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ROYAL ARMOURED CORPS - Introduction

Discussion in 'Armour' started by Trux, Aug 29, 2010.

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  1. Trux

    Trux 21 AG Patron

    ROYAL ARMOURED CORPS

    By 1944 the Royal Armoured Corps had absorbed not only the armoured regiments and
    tank battalions but also reconnaissance units and Phantom. While the armoured regiments
    and tank battalions gradually came to be identical a whole range of specialised armour was
    developed, many requiring the formation of specialist units to deploy them.



    ROYAL ARMOURED CORPS.

    HQ Armoured Brigade. War Establishment II/105/1. November 1943
    HQ Tank Brigade. War Establishment II/142/3. November 1943.
    Armoured Regiment. War Establishment II/151/3. November 1943.
    Armoured Regiment. War Establishment II/157/1. May 1945.

    Tank Regiment. War Establishment II/154/2. November 1943.
    Churchill Crocodile Regiment. War Establishment II/154/2. November 1943.

    Armoured Reconnaissance Regiment. War Establishment II/156/1. November 1943.
    Reconnaissance Regiment. War Establishment II/251/2. December 1943.
    Armoured Car Regiment. War Establishment III/236/2. November 1943.

    HQ Armoured Replacement Group. War Establishment III/317/2.
    Armoured Reinforcement Unit. War Establishment III/318/1
    Army/ Corp Delivery Squadron. War Establishment III/319/1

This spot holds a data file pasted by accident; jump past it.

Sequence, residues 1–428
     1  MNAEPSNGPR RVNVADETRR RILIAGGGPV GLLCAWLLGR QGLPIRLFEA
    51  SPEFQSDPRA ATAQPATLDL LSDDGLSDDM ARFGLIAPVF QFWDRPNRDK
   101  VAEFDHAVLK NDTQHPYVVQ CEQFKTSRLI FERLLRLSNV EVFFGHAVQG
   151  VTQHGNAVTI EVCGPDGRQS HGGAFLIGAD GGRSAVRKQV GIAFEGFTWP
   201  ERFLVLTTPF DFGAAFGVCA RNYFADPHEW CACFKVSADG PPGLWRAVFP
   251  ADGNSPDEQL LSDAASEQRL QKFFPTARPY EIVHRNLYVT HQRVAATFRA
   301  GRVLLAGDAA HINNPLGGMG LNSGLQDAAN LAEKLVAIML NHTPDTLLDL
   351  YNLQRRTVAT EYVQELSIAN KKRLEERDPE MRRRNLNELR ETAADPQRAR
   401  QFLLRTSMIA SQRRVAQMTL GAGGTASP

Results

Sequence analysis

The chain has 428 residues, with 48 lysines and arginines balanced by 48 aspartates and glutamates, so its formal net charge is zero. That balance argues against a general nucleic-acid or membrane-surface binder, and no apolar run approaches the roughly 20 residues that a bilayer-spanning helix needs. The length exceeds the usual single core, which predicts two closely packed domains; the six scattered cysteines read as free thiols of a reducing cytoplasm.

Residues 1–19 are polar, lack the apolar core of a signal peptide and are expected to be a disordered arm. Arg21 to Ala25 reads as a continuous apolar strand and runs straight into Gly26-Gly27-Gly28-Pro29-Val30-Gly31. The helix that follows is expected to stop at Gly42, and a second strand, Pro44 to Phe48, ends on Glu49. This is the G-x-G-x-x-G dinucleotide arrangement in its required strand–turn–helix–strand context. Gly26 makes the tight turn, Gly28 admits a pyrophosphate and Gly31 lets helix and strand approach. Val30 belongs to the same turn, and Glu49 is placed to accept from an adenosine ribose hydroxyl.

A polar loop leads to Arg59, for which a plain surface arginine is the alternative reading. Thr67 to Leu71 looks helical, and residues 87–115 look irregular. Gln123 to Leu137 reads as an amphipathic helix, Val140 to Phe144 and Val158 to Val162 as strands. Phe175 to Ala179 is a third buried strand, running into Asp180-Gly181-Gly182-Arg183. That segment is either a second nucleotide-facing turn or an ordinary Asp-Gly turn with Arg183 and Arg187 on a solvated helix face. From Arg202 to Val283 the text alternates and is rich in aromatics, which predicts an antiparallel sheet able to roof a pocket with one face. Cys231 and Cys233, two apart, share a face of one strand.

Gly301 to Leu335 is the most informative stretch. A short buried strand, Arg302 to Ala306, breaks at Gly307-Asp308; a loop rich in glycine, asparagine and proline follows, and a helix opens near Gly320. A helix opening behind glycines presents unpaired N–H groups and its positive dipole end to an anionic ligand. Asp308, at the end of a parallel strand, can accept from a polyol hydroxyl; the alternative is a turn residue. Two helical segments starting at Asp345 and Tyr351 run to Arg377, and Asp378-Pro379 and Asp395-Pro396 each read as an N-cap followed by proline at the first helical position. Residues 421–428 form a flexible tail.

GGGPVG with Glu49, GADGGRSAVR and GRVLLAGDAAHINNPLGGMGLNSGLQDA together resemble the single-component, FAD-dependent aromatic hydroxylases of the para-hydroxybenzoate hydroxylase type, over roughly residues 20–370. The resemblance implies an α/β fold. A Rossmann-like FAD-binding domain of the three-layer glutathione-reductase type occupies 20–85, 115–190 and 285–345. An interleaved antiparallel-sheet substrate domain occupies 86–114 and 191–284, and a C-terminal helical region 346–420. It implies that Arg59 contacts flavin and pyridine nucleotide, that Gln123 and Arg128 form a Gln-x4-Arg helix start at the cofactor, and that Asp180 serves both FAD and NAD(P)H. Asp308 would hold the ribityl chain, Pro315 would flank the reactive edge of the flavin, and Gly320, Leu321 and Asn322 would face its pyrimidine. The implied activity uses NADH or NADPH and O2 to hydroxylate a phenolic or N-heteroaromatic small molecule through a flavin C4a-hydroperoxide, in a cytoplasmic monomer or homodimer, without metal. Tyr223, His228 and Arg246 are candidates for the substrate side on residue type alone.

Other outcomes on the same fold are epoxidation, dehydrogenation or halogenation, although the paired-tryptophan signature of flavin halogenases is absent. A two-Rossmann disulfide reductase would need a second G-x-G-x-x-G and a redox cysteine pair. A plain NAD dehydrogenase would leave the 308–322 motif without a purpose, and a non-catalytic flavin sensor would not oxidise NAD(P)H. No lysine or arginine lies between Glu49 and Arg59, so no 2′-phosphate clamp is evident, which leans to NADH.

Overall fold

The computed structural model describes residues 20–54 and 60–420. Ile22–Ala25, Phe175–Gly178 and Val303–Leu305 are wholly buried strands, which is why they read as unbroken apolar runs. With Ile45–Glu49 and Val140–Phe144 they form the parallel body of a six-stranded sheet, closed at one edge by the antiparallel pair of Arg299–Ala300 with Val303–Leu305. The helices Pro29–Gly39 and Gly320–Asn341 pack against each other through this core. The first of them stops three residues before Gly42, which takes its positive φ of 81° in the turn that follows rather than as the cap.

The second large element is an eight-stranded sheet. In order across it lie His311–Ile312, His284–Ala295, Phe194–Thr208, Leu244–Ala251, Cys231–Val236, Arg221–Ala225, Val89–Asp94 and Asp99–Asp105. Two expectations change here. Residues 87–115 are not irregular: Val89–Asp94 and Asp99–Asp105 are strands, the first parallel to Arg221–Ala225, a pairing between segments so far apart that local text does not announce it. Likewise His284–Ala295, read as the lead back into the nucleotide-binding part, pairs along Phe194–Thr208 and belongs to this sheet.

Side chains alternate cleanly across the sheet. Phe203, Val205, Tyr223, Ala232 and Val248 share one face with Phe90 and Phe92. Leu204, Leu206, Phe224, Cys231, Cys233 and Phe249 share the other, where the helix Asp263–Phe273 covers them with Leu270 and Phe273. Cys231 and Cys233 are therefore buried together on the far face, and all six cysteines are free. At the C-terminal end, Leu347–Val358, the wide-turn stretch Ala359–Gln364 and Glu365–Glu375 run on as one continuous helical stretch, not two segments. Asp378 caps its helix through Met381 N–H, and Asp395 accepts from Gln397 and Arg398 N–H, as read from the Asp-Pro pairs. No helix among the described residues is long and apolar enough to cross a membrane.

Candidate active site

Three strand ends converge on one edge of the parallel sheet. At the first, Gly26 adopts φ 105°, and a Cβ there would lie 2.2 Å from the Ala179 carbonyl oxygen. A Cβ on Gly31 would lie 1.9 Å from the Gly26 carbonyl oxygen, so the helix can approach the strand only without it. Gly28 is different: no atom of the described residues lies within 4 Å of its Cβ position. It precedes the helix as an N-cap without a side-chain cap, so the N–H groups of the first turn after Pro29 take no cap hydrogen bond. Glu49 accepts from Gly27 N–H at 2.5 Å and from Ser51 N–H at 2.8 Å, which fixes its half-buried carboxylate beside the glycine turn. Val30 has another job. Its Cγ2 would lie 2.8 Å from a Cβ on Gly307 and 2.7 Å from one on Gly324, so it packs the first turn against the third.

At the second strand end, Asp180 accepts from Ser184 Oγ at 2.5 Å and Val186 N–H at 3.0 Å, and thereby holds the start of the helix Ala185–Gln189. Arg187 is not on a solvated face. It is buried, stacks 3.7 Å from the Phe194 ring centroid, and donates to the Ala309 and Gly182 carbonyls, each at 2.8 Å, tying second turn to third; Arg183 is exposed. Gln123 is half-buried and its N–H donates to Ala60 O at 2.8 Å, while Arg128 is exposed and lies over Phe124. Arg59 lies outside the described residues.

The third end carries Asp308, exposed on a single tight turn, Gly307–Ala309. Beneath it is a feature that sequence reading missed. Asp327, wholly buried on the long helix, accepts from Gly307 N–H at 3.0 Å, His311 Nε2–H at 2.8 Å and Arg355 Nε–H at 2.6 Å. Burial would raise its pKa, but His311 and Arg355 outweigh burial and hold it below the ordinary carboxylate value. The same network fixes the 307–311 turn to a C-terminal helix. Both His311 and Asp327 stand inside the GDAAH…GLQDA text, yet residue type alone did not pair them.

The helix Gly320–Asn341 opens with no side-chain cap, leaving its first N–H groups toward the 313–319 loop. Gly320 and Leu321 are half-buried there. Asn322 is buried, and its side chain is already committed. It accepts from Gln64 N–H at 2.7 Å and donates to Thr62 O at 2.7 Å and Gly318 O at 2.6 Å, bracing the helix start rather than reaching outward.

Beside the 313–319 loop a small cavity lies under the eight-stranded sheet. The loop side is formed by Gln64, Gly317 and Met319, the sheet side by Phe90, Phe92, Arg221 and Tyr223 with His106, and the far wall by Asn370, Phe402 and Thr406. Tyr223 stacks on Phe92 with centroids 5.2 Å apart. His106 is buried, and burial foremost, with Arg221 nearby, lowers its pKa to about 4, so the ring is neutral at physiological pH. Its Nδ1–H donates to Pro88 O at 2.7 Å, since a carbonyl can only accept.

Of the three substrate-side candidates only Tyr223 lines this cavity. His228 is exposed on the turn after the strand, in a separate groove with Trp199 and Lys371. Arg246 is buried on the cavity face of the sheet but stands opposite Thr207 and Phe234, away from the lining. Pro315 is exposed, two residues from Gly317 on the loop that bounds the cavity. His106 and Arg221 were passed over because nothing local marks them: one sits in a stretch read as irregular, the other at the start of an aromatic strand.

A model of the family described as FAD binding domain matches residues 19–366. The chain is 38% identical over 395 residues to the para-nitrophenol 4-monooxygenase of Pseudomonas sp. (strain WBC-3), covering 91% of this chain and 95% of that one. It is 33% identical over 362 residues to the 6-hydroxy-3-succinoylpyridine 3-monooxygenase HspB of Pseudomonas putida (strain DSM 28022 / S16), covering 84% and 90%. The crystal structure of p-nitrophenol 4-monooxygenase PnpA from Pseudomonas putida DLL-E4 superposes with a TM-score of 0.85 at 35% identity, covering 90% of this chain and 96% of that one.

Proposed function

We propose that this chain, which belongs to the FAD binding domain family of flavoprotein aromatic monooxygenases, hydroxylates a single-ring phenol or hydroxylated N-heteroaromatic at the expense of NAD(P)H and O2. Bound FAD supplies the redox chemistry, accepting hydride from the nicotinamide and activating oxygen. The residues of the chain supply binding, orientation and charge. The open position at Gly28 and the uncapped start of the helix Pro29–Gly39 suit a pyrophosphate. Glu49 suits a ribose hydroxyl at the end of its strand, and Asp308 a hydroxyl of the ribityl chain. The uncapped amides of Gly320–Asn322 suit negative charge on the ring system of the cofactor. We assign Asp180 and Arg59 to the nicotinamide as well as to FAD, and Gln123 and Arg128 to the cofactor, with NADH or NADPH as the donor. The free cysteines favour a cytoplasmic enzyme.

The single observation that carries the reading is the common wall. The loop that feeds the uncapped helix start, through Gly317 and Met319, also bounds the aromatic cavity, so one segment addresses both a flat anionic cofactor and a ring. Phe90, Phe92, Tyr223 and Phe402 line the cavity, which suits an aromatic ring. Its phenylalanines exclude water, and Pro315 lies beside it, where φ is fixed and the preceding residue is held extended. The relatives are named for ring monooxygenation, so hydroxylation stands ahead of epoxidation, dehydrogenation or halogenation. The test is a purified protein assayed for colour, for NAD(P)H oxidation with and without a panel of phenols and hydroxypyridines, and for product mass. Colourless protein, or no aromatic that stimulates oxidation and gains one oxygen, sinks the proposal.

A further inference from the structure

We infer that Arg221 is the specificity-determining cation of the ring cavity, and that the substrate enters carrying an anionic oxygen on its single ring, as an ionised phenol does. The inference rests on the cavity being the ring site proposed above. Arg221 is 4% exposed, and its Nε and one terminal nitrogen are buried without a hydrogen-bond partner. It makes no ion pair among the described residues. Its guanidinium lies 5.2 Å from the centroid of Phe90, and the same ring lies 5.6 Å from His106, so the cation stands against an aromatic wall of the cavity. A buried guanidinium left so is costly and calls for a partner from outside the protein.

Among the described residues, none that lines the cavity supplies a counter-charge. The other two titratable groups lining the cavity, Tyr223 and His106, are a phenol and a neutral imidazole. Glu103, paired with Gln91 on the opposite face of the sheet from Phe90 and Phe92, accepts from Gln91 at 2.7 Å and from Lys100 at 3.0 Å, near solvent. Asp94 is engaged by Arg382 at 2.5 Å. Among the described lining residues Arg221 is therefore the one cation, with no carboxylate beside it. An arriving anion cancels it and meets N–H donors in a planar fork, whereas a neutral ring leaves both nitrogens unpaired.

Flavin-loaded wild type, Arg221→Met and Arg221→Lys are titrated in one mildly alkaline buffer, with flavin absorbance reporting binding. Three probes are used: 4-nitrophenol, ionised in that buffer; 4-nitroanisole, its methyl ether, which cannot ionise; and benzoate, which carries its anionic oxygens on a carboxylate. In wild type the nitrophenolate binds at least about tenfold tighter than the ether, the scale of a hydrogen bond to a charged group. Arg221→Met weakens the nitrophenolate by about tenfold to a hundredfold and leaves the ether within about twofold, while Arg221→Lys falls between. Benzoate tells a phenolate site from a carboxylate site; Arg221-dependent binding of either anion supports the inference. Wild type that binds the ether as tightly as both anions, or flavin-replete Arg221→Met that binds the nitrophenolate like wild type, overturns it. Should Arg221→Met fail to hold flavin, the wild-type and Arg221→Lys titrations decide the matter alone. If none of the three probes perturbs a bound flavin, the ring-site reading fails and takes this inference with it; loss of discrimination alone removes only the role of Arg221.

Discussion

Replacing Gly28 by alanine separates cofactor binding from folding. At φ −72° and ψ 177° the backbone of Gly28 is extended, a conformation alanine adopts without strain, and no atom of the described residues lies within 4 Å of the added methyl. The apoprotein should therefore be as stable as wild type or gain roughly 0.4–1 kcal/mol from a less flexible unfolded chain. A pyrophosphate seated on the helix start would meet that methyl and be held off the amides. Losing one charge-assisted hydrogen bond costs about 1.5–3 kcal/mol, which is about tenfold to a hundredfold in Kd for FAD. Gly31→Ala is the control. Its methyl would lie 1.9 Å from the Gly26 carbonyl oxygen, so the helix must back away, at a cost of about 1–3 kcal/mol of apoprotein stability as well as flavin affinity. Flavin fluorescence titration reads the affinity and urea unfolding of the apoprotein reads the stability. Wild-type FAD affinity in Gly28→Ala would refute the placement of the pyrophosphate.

Forward Delivery Squadron. War Establishment III/105/1

    GHQ Liaison Regiment. War Establishment III/253/1. August 1943
    GHQ Liaison Regiment. War Establishment XIV/1236/1. July 1944
    GHQ Liaison Regiment. War Establishment XIV/1236/2. September 1944
    Reserve Squadron, GHQ Liaison Regiment. War Establishment III/304/1. January 1944
    Reserve Squadron, GHQ Liaison Regiment. War Establishment III/304/2. March 1945


    Headquarters 30 Armoured Brigade. War Establishment VIII/632/1. January 1944.
    Headquarters, a Flail Brigade. War Establishment XIV/1644/1. January 1945.
    A Regiment of 30 Armoured Brigade. War Establishment VIII/633/1. January 1944.
    A Flail Regiment. War Establishment XIV/164/1. July 1944.
    A Flail Regiment. War Establishment XIV/164/2. January 1945.
    Armoured Personnel Carrier Regiment. War Establishment XIV/1643/1. October 1944.
    Headquarters Tank Brigade (Type B) CDL. War Establishment VIII/450/2. May 1944.
    A Battalion with CDL Tanks. War Establishment VIII/451/2. February 1944.
    A Tank Squadron (Type B) CDL. War Establishment XIV/1645/1. February 1945.



    The Universal Tank.